In the 1960s, the 2,500 year-old tradition of self-discovery and self-indulgence finally blossomed as a mass phenomenon. The widespread use of hedonic drugs led to a resurrection of the body. Sensual consumerism. Sexual liberation, erotic dress, dance, talk, print, film, music. Wholistic health methods. Diet, jogging, trendy style. The working person discovered that his/her own body belonged, not to the state or to the moralist or to the authoritarian doctor, but to her/himself.
The continually expanding use of brain-activating drugs in the 1970s built up the hedonic momentum because of the obvious neurological fact that drugs turn on the body. One of the ecstatic horrors of the LSD experience is the sudden confrontation with your own body.
Awaken: How so?
Timothy Leary: You are catapulted into the matrix of quadrillions of squirming cells and somatic communication systems, swept down the tunnels and canals of your own waterworks. You have visions of microscopic processes, strange, undulating tissue patterns. You are pummeled down the fantastic artistry of internal factories, recoiling with fear or shrieking in pleasure at the incessant push, struggle, drive of the biological machinery at every moment engulfing you.
Awaken: But this is the beginning of awakening… of becoming tuned in to your own body and becoming one with it…
Timothy Leary: Your body is the mirror of the macrocosm, the kingdom of heaven within you. Tibetan and Indian tantras and modern psychology workshops train the student to pay attention to the body’s energies and messages.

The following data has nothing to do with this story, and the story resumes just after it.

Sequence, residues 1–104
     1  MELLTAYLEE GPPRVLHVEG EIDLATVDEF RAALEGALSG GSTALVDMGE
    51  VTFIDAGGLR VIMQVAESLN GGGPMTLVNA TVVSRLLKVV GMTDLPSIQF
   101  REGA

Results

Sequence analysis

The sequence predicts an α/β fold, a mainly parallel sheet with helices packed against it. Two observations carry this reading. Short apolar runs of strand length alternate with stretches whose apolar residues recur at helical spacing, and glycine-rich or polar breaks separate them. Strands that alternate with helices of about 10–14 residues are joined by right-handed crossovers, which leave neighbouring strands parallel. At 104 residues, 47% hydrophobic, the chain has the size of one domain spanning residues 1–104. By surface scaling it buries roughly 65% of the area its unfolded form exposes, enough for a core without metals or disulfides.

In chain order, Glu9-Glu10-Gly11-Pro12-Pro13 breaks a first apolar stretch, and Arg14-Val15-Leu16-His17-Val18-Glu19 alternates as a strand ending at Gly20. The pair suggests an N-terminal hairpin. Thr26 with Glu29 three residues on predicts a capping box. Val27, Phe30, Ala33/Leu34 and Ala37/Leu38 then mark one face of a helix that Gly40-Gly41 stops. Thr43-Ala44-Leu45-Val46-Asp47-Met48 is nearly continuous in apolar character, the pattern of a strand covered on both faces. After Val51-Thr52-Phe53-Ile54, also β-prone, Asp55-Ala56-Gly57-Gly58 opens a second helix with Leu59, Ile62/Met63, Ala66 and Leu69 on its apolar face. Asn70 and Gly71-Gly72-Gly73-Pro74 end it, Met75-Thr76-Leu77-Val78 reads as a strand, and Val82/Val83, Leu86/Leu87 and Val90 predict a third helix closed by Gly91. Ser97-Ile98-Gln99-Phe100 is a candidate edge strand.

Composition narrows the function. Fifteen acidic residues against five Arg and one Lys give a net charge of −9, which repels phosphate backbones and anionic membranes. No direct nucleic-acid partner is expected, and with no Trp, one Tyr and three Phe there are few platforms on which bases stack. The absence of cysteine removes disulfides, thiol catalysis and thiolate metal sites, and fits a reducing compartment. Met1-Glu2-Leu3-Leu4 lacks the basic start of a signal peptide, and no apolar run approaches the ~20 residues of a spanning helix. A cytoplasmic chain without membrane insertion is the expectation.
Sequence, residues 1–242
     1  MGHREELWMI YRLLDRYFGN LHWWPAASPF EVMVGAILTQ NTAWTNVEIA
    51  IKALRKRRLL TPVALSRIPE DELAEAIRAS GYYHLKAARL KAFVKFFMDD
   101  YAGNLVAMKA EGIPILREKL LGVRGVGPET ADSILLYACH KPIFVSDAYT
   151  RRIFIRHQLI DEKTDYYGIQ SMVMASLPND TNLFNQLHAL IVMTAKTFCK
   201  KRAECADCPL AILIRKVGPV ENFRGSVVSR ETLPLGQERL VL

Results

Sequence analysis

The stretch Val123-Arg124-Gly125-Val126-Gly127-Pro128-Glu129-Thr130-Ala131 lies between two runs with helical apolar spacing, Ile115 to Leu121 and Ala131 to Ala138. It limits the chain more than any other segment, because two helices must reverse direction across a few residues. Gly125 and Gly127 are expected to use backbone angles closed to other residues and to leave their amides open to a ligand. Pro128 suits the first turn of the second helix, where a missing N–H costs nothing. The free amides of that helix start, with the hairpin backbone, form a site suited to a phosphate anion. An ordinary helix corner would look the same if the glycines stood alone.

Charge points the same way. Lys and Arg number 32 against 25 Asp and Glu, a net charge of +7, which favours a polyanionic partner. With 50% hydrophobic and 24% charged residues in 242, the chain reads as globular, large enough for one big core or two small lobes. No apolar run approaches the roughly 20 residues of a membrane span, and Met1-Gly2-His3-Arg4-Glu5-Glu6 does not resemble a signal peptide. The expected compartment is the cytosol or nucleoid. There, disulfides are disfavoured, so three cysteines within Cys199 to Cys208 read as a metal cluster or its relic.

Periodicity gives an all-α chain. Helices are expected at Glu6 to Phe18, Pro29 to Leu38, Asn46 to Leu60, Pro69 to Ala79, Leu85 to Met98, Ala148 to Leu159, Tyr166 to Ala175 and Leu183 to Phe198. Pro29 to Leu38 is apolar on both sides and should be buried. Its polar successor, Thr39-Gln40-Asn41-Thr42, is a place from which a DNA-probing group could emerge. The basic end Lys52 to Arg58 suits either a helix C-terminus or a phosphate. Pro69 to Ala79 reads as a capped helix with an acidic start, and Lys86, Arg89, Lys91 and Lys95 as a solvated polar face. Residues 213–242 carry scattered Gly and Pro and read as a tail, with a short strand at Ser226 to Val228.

Awaken: Yes… and all of this was coming onto the scene throughout the 70s…
Timothy Leary: By 1981, the intelligent American was beginning to define her/his body as a complex receiving station, a sacred communications satellite, a bipedal telescope, a mosaic of touching, sniffing, listening, tasting microphones picking up vibrations from planetary energy systems, a worldwide retinal ABC, an eardrum RCA, an International Smell and Tell, a consolidated General Foods laboratory. God of un-common sense.
Awaken: In the now famous courtroom scene, you describe an acid trip in terms of self-dissolution… saying that every cell in your body began to break down and that you were afraid you would become a puddle on the floor, when you saw a serpent come up and swallow you… and you went into the serpent’s stomach, and were then excreted… And then you joke that although this may seem strange in a psychological setting, to a Hindu, this is a perfectly natural description of a transcendental experience.
Your lifelong friend and colleague, Dr. Richard Alpert (Ram Dass), expressed his incredulity that you could have these types of experiences and still adhere to a physical description of their origins. In other words, that these experiences may all be explained by activity in the brain.
He said, “it’s inconceivable to me that Timothy could have taken as much acid as he has and been through as much as he’s been through and end up a philosophical materialist…”